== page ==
The News Memo
Let's break down all the things you should know in the news this week.
+GetSmart (Where did the term "riding shotgun" originate?)
UK's Theresa May announced today (May 24) she will be quitting her role as prime minister, effective June 7. She said it was the "honour of my life" to serve as PM, and said it was a "deep regret" that she had not been able to deliver a successful Brexit deal. A new PM is expected before the end of July. The current Brexit exit date is October 31.
🕵️ Julian Assange was indicted by the US on 17 additional criminal charges Thur (May 23), for violating the Espionage Act by publishing the names of classified sources. Assange was indicted in April on one criminal charge for conspiring with former intelligence analyst Chelsea Manning to access the Pentagon network. The new charges put more pressure on Assange, whom the US is trying to extradite. He is currently serving jail time in the UK for skipping bail. Journalists and free-speech defenders are worried the new charges may have implications for journalists who often legally receive and reveal secret government information.
🗳️ India Elections: In an overwhelming victory, Prime Minister Narendra Modi was elected to a second 5-year term on Thur (May 23). The election of Modi, a strong Hindu nationalist, may continue to increase hostility and violence against the country’s Muslim minority population. Modi will face economic tests, as the country is facing growing unemployment and fears of a recession.
✏️ SAT Accommodations: Based on a WSJ analysis of 9,000 public schools, more students, especially in affluent areas, receive accommodations for standardized tests such as the SAT. ‘504’ designations are typically given to students with ADHD or other learning limitations to provide test-allowances such as separate rooms or extra time. The number of 504s granted more than tripled between 2000-2016. In wealthier areas, an average of 4.2% students receive the designation, compared to 1.2% in poorer areas. Typically, medical approval is required to obtain a 504. Wealthier families are often more aware of this requirement and financially able to afford it.
🚗 Ford announced it will cut 7,000 salaried jobs, or ~10% of its white-collared workforce, amid a broad restructuring plan. U.S demand for cars has fallen since its peak in 2016, and markets in Europe and China have cooled as of late, partly due to tougher emissions standards. Context: Other car companies, including GM and Volkswagen, have cut or are planning large cuts to their salaried workforce as they seek to trim costs to invest in burgeoning areas such as electric and autonomous vehicles.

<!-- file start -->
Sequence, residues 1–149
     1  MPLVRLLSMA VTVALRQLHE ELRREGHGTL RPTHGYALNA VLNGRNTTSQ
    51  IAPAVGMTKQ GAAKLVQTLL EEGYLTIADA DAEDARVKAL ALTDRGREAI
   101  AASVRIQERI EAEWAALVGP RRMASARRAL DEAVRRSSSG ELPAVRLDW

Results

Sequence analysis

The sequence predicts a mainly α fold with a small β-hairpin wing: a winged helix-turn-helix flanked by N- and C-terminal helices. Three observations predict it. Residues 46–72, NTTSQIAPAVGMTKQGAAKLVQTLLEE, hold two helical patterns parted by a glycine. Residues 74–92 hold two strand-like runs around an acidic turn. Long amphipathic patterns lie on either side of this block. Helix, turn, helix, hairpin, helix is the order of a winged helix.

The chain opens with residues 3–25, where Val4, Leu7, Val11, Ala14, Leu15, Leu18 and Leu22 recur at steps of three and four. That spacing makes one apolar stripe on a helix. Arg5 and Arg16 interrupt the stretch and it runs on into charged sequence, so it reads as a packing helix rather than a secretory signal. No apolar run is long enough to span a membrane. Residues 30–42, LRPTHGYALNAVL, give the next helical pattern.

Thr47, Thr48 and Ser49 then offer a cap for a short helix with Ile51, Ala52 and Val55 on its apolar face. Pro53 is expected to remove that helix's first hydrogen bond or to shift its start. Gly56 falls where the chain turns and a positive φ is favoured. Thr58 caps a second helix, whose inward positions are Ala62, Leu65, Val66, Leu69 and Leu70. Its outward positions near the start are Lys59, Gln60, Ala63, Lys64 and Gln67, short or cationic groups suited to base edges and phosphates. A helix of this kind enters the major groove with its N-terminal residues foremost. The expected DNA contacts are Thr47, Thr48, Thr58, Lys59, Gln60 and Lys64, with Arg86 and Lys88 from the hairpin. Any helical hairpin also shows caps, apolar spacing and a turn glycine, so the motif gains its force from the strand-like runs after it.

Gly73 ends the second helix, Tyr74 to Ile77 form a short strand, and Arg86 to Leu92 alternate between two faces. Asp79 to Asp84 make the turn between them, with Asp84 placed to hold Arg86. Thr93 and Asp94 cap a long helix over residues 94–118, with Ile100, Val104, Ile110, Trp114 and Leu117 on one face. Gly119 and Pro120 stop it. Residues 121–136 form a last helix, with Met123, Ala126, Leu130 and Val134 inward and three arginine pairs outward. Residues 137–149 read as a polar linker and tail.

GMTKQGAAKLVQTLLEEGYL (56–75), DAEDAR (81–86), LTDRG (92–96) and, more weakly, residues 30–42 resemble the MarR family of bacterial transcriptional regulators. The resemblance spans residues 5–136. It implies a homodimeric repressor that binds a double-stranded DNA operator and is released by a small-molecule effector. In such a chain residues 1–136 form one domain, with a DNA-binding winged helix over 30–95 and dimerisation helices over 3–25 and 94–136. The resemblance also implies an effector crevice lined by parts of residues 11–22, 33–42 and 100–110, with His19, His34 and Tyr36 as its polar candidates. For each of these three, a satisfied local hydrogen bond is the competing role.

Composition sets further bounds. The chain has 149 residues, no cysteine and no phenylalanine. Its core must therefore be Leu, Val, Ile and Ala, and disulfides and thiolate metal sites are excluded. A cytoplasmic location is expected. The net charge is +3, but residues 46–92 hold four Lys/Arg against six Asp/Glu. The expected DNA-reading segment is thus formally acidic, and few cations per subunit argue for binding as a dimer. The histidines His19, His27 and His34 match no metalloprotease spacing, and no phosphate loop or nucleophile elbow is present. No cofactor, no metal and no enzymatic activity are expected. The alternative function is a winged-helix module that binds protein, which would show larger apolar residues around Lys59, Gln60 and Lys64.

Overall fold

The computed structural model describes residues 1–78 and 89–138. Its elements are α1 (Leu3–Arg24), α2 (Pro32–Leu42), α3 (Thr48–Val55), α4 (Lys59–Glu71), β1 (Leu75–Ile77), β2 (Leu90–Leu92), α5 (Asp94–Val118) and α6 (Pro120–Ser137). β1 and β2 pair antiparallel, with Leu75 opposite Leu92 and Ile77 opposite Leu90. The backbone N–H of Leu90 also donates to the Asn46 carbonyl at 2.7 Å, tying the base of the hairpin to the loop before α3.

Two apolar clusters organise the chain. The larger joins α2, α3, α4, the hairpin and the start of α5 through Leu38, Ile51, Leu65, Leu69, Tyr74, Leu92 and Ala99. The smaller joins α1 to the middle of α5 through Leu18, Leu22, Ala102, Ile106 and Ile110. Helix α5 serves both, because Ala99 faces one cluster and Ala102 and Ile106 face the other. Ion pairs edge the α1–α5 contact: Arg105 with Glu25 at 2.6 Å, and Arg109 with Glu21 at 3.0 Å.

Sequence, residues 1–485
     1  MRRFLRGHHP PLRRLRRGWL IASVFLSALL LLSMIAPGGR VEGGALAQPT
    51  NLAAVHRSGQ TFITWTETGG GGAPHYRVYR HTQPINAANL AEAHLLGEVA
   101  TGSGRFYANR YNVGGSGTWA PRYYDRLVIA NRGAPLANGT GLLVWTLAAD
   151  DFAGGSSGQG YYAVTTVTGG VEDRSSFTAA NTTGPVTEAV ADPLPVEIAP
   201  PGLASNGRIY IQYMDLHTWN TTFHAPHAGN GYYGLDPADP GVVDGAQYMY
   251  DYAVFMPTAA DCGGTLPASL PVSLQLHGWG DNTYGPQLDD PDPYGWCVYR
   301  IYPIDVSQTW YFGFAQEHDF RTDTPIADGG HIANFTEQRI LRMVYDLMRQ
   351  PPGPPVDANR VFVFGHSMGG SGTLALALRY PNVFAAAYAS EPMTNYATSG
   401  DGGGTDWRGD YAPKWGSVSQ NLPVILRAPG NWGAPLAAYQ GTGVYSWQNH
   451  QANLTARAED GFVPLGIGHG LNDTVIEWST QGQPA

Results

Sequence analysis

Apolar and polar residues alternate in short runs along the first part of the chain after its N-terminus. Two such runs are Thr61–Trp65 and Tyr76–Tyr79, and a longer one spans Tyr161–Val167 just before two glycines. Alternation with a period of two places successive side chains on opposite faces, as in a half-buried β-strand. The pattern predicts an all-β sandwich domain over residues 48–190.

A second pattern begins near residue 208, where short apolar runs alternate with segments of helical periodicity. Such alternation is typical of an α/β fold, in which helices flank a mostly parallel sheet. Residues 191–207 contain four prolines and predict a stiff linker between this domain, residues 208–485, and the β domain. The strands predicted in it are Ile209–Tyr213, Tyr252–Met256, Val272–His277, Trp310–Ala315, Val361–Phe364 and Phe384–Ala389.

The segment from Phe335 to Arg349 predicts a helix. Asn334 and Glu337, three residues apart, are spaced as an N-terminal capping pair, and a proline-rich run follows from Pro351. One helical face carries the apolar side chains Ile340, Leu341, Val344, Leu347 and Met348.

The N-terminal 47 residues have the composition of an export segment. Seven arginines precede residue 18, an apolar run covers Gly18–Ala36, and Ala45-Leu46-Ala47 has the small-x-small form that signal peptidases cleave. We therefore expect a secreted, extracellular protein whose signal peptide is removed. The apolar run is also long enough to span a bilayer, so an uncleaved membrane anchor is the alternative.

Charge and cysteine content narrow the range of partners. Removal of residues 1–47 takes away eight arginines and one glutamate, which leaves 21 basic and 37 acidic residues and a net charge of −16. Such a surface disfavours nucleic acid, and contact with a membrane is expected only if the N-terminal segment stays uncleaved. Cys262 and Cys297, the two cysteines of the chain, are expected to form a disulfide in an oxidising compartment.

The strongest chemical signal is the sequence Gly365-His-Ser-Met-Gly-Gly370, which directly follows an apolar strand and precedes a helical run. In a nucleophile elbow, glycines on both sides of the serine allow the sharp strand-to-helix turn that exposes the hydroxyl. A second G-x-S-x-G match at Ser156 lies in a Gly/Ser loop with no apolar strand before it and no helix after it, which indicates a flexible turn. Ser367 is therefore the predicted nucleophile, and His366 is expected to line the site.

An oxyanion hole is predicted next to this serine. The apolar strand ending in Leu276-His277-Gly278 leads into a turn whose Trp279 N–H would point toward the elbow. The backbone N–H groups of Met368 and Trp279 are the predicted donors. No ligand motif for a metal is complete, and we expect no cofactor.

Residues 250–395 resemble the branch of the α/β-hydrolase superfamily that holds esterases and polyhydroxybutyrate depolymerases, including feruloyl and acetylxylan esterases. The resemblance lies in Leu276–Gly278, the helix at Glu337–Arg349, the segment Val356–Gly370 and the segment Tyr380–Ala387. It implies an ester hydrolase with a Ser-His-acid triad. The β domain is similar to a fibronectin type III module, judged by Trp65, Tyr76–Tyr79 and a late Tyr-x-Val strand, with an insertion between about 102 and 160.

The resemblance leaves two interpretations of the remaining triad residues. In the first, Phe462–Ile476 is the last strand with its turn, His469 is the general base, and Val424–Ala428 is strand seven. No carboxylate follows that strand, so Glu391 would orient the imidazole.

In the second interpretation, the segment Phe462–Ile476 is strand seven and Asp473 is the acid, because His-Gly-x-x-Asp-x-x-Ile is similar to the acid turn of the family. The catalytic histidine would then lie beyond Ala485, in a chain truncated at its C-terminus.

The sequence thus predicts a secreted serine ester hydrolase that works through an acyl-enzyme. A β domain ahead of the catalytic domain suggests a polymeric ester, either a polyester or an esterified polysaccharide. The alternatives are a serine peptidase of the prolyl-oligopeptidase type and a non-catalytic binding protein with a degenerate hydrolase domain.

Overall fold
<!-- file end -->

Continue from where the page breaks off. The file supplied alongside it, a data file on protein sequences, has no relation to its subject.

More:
Trump Says He Won’t Work With Democrats Until Investigations are Done
Walking out of a planned Wednesday meeting with Senate Majority Leader Chuck Schumer and Speaker of the House Nancy Pelosi on infrastructure, President Trump instead held an impromptu press conference in the Rose Garden.
“I walked into the room and I told Senator Schumer and Speaker Pelosi, ‘I want to do infrastructure. I want to do it more than you want to do it… but you know what? You can’t do it under these circumstances.’” Speaker Pelosi responded, saying, “I knew he was looking for a way out...we were expecting this.”
Both infrastructure and lowering prescription drug prices have been a bipartisan concern for democrats and republicans. During the heated press conference, Trump said Democrats need to “get these phony investigations over with.” A sign attached to the front of Trump's podium read, “No Collusion. No Obstruction” along with details from the Mueller Report.
A cohort of Democratic lawmakers are pushing for impeachment proceedings against President Trump, although Pelosi said Thursday (May 23) that Democrats were not on an impeachment path, and she urged Democrats to wait for the courts to finish with their rulings.
What to watch moving forward:
Nancy Pelosi will need to decide how to proceed. To not advance impeachment may frustrate her base, but she cautions Democrats away from moving too quickly to avoid motivating Trump voters before the 2020 election. If the investigations continue, it is likely Trump and the Democrats will struggle to strike any large bipartisan efforts.
Don McGahn, Trump's former White House Counsel, did not show up for a subpoenaed Congressional hearing on Tuesday (May 21). Trump argued that Don McGahn already testified for 30+ hours during Mueller’s special counsel investigation. The Justice Department’s Office of Legal Counsel has for decades maintained that Congress cannot compel testimonies from presidential advisers. The rationale behind these decisions lies in the separation of powers between the legislative and executive branches. If Congress can compel testimony from close presidential advisers, it could discourage private communication within the White House.